When I first came to your house,
You had the blinds shut,
After a bit of poking and prodding,
You cracked them to let me peek in,
Eventually you opened them all the way,
And I could see everything inside.
I tapped on the glass hoping you’d let me enter,
I could see your lights on,
And your brown, cozy room,
With your grandfather’s desk,
And your sister’s tv stand,
I knocked louder on the window,
But you wouldn’t let me in.
Maybe in January,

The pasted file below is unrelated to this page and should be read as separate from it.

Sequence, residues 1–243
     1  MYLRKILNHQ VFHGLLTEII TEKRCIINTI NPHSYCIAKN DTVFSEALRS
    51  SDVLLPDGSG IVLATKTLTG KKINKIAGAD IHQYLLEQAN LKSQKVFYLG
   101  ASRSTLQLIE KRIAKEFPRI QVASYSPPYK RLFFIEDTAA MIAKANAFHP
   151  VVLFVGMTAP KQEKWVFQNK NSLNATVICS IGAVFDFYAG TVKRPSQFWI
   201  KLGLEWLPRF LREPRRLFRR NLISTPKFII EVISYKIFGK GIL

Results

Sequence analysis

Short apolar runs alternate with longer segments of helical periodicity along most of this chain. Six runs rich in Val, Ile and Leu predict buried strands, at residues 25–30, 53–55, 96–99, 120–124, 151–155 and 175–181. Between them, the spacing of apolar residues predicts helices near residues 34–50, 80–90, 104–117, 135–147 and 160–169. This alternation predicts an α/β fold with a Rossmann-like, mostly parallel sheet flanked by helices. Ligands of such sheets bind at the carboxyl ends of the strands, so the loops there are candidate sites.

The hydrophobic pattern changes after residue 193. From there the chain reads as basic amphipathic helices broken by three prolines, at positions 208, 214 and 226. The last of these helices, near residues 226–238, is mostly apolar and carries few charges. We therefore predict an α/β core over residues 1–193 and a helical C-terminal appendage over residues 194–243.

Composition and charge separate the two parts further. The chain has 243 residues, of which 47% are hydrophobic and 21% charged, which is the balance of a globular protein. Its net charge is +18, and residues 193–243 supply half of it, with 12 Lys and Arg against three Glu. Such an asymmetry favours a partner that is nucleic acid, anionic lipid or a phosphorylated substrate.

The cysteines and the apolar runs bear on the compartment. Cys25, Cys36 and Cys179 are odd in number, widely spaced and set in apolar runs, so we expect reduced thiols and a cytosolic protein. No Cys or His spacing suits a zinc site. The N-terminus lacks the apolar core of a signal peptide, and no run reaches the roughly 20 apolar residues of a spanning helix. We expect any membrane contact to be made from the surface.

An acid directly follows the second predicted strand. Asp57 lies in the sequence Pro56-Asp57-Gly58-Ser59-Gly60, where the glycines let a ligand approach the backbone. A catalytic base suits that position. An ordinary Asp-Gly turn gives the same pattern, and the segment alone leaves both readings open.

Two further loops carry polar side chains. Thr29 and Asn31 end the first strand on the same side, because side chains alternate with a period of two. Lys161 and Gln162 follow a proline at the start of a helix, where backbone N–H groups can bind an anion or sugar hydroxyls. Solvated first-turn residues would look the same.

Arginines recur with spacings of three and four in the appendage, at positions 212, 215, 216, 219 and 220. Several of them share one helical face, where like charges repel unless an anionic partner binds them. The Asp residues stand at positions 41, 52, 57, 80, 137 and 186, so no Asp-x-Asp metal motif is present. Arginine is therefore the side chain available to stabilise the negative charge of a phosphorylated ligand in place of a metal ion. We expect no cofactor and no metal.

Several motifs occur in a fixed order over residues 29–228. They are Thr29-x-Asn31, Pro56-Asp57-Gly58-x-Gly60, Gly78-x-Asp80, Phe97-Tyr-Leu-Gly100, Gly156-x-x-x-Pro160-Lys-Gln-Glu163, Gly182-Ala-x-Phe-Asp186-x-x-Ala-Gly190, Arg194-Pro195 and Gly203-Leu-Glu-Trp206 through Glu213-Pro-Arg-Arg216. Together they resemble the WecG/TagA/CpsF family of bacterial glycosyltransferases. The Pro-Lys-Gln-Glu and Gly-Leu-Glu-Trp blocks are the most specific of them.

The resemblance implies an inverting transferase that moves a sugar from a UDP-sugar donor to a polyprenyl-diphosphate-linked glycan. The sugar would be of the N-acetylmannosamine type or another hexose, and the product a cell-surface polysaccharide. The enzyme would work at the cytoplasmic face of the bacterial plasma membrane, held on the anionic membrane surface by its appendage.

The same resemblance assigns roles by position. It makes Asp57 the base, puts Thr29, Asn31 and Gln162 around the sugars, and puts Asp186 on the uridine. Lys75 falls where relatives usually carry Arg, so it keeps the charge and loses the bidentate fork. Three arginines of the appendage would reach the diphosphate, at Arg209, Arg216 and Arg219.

I looked inside and everything was gone.
No more brown duvet cover,
No more collage coated walls,
No more curling Persian rug,
Just brown paint,
And stained carpet.
I don’t know where you went.
Eventually all the lights turned off too.
And there was no point in sitting outside in the cold and pecking on the glass.
I used to bang on the window as hard as I could,
But that’s not what you wanted.
I still sometimes drive past that yellow house,
With the brown walls,
Where I laid outside in the warm grass,
So that I can feel a pang in my stomach,
And reminisce on lost love